MH370: Helping families deal with the trauma

MH370: Helping families deal with the trauma

The Malaysian Crisis Intervention Team has been taking an active role in providing professional psychological support for family members of those on board MH370.

The Intervention Team was set up last year after Sulu gunmen invaded Lahad Datu and Semporna and killed Malaysian security forces there.

Back then, they helped the security forces and families deal with the trauma, says its deputy chairman Dr Abdul Jalil Hassan.

This time, the crisis team is giving professional psychological support for Malaysian families who have loved ones on the missing plane. The team is stationed at Everly Hotel Putrajaya where the Malaysian families are staying.

"We were here from Day One. This is important to create trust and rapport with families," says Dr Jalil.

At times, the families need someone to be their punching bag. "We are here to be their punching bag. They are not angry with us but sometimes they look like they want to kill us but we understand.

"We are here to give them our ear and listen and allow them a safe space to release their emotions."

Dr Jalil points out that even one word can do a lot of damage so professionals avoid using words like sabar (be patient).

"As it is, the person is already being patient, so why ask him to be patient? From a young age, we are taught to not cry and to bottle up our emotions.

"But crying is a form of release. It is normal in such circumstances to feel sad and cry or feel shocked or angry."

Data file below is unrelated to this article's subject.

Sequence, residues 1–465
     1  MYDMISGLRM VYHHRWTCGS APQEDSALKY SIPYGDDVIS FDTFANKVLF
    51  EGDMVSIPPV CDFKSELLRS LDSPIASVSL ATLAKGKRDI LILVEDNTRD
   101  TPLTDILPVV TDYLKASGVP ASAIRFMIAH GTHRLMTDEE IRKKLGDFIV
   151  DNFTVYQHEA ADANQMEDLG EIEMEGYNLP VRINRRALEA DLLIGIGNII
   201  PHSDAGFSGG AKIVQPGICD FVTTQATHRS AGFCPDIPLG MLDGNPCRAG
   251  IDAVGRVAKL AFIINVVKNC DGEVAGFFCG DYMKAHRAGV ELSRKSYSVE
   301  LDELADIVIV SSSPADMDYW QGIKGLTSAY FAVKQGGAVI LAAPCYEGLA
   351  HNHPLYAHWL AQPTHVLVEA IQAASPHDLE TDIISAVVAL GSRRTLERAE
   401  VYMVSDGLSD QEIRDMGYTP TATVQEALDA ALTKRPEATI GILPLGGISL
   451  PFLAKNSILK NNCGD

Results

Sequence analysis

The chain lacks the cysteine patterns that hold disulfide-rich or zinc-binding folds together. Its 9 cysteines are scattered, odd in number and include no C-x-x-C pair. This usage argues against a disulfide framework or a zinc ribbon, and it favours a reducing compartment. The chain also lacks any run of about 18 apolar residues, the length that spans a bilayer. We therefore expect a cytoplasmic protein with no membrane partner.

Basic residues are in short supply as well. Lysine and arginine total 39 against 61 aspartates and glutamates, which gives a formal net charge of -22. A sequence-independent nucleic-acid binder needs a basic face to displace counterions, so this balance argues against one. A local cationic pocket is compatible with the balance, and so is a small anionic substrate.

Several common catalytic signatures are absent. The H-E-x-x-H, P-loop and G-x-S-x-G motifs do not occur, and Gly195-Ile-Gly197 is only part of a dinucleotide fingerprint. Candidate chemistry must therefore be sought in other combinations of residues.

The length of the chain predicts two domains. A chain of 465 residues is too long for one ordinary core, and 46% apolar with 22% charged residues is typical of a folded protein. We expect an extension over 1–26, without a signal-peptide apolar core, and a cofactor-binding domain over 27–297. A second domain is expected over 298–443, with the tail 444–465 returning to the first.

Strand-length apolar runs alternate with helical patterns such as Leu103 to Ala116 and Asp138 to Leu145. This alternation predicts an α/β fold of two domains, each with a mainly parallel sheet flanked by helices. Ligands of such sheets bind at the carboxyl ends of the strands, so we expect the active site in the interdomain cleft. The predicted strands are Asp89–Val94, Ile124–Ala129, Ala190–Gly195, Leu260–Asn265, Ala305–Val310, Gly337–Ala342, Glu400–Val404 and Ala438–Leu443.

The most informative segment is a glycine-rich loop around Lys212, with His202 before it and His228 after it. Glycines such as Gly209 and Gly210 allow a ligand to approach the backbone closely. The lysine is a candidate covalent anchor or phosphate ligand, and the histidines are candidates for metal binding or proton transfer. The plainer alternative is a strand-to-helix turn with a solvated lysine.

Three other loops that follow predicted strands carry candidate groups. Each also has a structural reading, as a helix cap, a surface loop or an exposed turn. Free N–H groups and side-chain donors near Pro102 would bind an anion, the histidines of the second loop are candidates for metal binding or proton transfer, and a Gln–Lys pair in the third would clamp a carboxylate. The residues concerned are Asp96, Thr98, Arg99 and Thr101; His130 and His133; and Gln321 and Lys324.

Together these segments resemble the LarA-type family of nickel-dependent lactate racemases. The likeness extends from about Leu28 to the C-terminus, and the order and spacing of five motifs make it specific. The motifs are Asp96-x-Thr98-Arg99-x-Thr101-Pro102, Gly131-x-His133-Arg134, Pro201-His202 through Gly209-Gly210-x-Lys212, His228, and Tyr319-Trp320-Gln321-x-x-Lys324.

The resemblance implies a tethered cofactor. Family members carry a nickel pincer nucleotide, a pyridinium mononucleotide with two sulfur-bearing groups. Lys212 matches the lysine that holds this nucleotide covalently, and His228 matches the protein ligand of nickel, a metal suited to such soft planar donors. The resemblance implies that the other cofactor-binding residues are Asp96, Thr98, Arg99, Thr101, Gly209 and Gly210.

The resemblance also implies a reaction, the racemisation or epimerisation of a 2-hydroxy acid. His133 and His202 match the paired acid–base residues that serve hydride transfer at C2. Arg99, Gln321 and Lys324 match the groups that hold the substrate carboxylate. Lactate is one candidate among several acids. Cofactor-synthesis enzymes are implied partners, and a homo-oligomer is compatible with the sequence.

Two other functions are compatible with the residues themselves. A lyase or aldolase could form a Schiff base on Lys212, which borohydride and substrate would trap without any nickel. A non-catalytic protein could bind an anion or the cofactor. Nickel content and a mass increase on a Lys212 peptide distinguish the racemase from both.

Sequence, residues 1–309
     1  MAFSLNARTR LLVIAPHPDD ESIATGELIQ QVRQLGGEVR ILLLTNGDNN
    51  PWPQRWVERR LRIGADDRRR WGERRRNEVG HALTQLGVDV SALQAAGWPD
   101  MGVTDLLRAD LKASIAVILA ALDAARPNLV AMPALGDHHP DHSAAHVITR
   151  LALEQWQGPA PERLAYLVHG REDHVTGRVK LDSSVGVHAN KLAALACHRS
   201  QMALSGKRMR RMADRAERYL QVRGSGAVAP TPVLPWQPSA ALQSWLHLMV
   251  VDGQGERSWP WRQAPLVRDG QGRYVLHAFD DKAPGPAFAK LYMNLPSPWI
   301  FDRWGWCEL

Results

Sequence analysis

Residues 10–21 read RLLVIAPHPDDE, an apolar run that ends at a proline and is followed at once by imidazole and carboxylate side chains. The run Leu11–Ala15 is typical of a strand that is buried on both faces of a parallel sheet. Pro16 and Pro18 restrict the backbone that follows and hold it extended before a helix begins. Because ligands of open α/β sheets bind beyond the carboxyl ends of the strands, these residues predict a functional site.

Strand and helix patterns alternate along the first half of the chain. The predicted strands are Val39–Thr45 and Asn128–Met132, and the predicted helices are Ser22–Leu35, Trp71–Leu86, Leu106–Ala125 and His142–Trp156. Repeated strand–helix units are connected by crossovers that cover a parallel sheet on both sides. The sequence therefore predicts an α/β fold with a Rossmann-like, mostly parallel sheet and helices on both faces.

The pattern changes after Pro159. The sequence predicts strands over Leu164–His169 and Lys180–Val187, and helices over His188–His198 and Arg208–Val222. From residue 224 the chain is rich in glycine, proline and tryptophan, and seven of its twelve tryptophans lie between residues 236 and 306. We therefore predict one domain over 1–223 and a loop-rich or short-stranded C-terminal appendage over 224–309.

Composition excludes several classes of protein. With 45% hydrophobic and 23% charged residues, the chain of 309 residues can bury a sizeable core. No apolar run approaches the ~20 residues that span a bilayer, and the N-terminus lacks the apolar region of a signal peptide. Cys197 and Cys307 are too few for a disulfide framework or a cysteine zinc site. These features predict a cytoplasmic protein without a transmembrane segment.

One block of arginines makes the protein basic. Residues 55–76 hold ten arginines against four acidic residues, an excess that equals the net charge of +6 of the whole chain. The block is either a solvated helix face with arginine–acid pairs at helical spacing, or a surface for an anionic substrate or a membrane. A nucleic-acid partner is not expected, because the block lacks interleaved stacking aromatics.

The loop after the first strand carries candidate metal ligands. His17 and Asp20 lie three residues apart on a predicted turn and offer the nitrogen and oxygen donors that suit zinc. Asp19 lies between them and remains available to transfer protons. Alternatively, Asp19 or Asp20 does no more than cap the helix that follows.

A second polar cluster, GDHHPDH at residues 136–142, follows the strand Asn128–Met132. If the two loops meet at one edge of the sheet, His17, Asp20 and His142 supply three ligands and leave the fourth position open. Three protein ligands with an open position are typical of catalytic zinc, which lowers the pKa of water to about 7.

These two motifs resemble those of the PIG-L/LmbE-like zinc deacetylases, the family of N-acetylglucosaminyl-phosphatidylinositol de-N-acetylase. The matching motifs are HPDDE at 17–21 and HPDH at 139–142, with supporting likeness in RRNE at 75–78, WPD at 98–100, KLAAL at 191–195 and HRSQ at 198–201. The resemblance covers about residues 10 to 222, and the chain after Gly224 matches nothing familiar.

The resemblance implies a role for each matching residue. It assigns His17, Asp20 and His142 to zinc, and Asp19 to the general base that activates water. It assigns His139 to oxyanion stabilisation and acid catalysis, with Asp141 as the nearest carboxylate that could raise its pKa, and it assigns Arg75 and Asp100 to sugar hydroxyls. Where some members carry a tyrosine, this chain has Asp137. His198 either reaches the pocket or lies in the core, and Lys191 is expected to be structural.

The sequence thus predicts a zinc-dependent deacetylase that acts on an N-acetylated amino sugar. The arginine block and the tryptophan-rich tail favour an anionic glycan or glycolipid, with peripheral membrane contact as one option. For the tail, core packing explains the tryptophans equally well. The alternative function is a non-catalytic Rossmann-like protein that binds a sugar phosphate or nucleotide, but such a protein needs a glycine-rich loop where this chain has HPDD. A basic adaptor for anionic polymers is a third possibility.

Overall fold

Dr Jalil stresses that there is a difference between sympathy and empathy, and professionals know that their role is to empathise.

"Sympathy is a problem because if we sympathise, then what we are doing is taking their problems, putting them in ourselves and making them our own. That wears us down.

"With empathy, however, we feel with the families but don't internalise it as our own problem."

A debriefing session is held once a day for the counsellors so that they can get together, share and discuss their experiences, and support each other.

Some of the younger counsellors might have a tougher time, especially if they identify with someone and relate what that person is going through with their own personal life or experience.

In such cases, says Dr Jalil, the debriefing sessions for counsellors are particularly useful.

"The counsellors are all trained and professionals so they already have all the basic skills and understand the rules. We just have to remind them of the 'do's and don'ts'.

While it is a given that the family members need professional psychological support, people tend to overlook others who may be in need, like the search and rescue team or those in the line of fire like MAS CEO Ahmad Jauhari Yahya, acting Transport Minister Datuk Seri Hishammuddin Hussein, and DCA director-general Datuk Azharuddin Abdul Rahman who have been co-ordinating the search and rescue operations and the daily press conferences.

"Some look like they haven't slept for days. If they need us, they just have to let us know and we'll be there to provide them the service too," says Dr Jalil.

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